LHF: [00:05:01] Yeah, in fact, arctic melting from climate change is opening up some ship passageways that used to be covered by ice, making shipping faster and easier than it’s ever been for northern countries. And as ice melts in Greenland, the country has found valuable deposits of minerals that could allow them to enter a new, lucrative market.
If we skip over to Asia, though, it’s a totally different story.
EE: [00:05:29] If you look at heat waves in Asia, there are already people dying in some regions of Asia when we have severe heat wave that happen in summer. In the future, the region around the Persian Gulf and south Asia is going to experience some of the most intense heat waves that has ever been observed.
LHF: [00:05:50] This is because not only will the temperature be rising, but so will humidity.
EE: [00:05:56] And so you could think about it in simple terms as the degree of mugginess in the atmosphere.So here around Boston sometimes in July and August, you know, it's not only hot but it's also hot and humid. And so in that condition usually if it's really bad then people would be complaining.
LHF: [00:06:16] Weather apps and forecasts will sometimes tell you what the temperature is going to be, and then what it feels like outside. You know like the actual temperature might be 80 F, but it could feel like 95 F, because of the humidity. The thing is, is that when the “feels like” temperature reaches 95 F, for a long period of time, it can be really dangerous outside.
EE: [00:06:42] And the reason we say six hours is because that’s the exposure time that's needed to have really significant impacts. It Starts posing risks for the survival of humans they risk their health. They risk survival basically.
LHF: [00:06:57] I’ve heard of places in the Middle East hitting record highs of 114 F. That’s a lot higher than 95, but the two important pieces here are the humidity and the length of time that this heat lasts.
EE: [00:07:12] A region in Asia that extends between the Persian Gulf and Eastern China could be the hottest spot for for heat waves that people are going to experience under global warming.
We have projected severe heat waves in the future to happen in areas where you have hundreds of millions of people. The population impacted in Northern India, Bangladesh, and Pakistan, it’s not only there are many people there but also relatively poor people who do not have access to, you know, air conditioning now. Hopefully they do in the future. It's not like it's all the time going to be these temperatures. You are going to have once in a decade such extreme conditions, but if a human population is not protected by technology, like air-conditioning, you know events like that would be significant enough to wipe out wide populations. Hopefully society will take action and will be avoided.
LHF: [00:08:10] Prof. Eltahir’s team assesses the possible climate impacts under a range of different scenarios, like if society were to reduce emissions significantly, or by a little, or not at all. If we keep on going the way we’ve been going scientists call that “business as usual”.
EE: [00:08:33] Unfortunately, that's what's taking place, in the global sense, that we are going business as usual. And so under those severe business-as-usual scenarios, the most severe conditions we simulate could happen.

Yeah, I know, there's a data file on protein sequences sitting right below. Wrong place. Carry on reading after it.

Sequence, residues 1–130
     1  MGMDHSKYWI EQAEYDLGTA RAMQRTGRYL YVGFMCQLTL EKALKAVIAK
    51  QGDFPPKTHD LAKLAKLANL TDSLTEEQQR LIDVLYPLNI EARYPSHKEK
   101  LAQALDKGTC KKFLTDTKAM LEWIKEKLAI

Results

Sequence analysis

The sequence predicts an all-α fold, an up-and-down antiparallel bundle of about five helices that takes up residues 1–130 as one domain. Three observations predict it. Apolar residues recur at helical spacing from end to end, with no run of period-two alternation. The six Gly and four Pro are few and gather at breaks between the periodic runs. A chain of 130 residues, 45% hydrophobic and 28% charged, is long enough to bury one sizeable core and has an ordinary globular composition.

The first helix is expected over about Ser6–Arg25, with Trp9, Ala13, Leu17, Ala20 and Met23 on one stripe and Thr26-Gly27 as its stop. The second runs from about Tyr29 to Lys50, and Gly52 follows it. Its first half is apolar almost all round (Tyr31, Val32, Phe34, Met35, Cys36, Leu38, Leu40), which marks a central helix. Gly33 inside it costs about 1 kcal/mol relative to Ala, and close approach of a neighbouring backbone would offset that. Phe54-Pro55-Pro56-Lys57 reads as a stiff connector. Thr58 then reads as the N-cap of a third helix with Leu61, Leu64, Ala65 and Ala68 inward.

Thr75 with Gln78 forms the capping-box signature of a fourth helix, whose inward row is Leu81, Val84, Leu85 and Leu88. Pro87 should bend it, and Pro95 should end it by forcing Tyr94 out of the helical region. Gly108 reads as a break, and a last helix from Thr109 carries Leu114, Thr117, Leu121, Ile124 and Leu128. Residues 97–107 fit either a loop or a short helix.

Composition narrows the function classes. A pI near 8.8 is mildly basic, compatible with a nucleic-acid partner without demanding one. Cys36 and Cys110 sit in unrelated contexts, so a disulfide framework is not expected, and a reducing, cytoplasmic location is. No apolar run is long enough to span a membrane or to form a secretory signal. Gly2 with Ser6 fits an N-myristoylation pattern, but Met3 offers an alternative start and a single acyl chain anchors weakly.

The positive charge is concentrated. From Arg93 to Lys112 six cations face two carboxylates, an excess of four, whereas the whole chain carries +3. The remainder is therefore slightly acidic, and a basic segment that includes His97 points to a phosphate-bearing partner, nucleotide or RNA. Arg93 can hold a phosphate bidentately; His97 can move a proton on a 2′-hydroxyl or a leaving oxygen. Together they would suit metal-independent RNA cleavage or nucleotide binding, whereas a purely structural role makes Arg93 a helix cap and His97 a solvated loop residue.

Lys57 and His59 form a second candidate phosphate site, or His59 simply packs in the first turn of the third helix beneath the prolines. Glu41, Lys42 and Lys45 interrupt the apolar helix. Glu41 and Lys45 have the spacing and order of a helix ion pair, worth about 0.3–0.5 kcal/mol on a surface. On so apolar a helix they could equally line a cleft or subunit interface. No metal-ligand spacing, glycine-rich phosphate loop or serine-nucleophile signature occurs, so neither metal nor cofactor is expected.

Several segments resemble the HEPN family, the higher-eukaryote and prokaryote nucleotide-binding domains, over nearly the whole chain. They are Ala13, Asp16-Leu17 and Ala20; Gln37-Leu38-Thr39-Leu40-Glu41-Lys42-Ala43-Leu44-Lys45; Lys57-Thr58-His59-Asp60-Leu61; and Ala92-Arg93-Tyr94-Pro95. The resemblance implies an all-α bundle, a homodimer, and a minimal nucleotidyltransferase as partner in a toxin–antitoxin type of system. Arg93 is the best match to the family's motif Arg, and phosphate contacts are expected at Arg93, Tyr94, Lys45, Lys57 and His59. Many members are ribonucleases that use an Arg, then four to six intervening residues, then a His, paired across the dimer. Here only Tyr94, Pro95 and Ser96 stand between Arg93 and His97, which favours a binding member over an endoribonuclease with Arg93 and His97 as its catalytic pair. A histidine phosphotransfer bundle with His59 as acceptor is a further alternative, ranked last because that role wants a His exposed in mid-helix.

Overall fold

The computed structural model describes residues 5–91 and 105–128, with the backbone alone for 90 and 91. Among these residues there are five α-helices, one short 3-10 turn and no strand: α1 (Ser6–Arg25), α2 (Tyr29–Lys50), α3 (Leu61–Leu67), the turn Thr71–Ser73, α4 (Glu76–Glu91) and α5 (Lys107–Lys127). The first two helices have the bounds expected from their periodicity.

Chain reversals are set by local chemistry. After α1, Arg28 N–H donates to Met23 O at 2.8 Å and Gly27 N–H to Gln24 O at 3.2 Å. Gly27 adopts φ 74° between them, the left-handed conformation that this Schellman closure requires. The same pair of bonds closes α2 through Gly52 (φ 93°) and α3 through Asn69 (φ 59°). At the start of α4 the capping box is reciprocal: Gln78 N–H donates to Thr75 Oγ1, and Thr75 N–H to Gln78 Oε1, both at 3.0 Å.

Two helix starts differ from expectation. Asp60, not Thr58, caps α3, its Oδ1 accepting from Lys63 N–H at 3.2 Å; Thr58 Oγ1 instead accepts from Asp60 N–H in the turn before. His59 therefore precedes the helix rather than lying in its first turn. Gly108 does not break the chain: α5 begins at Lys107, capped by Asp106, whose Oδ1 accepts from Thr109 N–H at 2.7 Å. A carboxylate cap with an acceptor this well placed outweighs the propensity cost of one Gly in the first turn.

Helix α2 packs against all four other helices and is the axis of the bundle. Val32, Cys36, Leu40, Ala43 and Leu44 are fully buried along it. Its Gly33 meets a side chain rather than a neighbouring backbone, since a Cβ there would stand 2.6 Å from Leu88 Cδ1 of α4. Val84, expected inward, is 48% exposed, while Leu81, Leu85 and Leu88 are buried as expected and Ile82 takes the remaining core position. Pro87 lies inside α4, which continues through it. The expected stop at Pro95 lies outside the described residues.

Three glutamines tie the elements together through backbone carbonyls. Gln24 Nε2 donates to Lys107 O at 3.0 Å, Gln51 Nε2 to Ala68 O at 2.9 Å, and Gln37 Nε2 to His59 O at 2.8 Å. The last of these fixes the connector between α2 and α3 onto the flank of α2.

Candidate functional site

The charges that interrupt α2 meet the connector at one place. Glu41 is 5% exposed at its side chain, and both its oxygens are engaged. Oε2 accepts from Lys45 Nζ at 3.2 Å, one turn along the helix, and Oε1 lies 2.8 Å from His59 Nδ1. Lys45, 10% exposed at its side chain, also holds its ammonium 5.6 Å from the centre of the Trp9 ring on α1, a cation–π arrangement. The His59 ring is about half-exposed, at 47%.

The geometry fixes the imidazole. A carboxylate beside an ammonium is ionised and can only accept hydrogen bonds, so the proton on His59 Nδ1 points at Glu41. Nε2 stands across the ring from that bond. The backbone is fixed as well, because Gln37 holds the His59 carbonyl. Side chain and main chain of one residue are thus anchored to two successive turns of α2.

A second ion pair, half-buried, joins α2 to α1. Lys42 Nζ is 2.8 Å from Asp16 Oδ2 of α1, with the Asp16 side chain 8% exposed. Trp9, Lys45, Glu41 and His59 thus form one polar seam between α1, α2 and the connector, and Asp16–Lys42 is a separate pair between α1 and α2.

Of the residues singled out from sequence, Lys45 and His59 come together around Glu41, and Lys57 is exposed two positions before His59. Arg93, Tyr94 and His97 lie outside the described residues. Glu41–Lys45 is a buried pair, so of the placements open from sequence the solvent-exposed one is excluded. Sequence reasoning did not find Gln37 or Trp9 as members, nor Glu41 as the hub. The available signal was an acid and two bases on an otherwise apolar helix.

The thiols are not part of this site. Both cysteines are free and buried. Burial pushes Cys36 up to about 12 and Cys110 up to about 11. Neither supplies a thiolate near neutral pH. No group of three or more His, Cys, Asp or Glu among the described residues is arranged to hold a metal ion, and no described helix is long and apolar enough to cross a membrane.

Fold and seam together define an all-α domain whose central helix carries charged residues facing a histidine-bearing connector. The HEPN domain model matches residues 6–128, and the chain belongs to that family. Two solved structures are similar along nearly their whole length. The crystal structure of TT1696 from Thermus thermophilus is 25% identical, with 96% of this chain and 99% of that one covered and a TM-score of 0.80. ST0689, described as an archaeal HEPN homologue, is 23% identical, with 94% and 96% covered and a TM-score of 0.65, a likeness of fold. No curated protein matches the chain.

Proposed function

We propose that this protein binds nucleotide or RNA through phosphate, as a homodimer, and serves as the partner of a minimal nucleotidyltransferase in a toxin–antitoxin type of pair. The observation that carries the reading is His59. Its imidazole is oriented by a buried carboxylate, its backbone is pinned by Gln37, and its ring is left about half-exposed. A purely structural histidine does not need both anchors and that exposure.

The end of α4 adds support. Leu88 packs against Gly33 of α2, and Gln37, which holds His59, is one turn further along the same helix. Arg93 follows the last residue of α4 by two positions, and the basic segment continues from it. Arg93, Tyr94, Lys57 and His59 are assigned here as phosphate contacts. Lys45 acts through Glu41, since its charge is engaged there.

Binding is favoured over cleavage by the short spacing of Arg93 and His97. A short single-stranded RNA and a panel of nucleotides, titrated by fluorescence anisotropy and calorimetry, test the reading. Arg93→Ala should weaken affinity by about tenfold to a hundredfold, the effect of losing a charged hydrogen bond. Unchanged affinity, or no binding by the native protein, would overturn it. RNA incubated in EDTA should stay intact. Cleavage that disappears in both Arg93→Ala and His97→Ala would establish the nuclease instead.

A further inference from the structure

A lot of what motivates my research is to inform people at the local level about things that they care about so that they participate in the formulation of the policy based on science rather than based on you know misinformation.
I'm reminded that the New York Times had a map in which they asked people in the US do they think that climate change is going to impact people in general. People say yes it's going to have an impact around the country. And when you ask them if climate change going to have an impact on you and like your local community, and the answer people didn't think that is going to have a lot of impact on their local community.
And so I think informing citizens about about these impacts at local scale and focusing on phenomena that they really relate to and they care about could help.
LHF: [00:09:49] We know it can be hard to find information about how your part of the world will be impacted by climate change. If you go to tilclimate.mit.edu, that’s tilclimate.mit.edu, and visit this episode’s show notes, we’ve linked some resources that you can use to start to get a better sense of what the future might look like near you.
Thanks to Prof. Eltahir for joining us and to you for listening. I’m your host Laur Hesse Fisher from the MIT Environmental Solutions Initiative. We’ll see you next time.
For more information on regional climate impacts, check out:
The work of Prof. Eltahir:
- Prof. Eltahir’s website
- China could face deadly heat waves due to climate change (MIT News)
- Parts of Asia might be too hot for people by 2100 (National Geographic)
- Nile faces greater variability (MIT News)
- 3Q: Elfatih Eltahir on what Malaria and Dengue can tell us about Zika (MIT News)
The New York Times graphic that Prof. Eltahir mentions at 9:10:
- How Americans Think About Climate Change, in Six Maps (New York Times)
- Climate change and vector-borne diseases (UCAR)
- Sand from Greenland’s Melting Ice Sheet Could Bring in Business (American Geophysical Union)
- Does global warming mean it’s warming everywhere? (NOAA)
- More Floods and More Droughts: Climate Change Delivers Both (New York Times)
Climate impacts in the US:
- National Climate Assessment Overview (U.S. Global Change Research Program)
An overview of climate change:
- Climate Science and Climate Risk: A Primer (Kerry Emanuel)
We hear about climate impacts all over the world, often in global terms. But what is happening where? And what will happen in our own communities? Students play a game to understand changes to precipitation. Then, using the US Climate Resilience Toolkit, they investigate local climate concerns and solutions.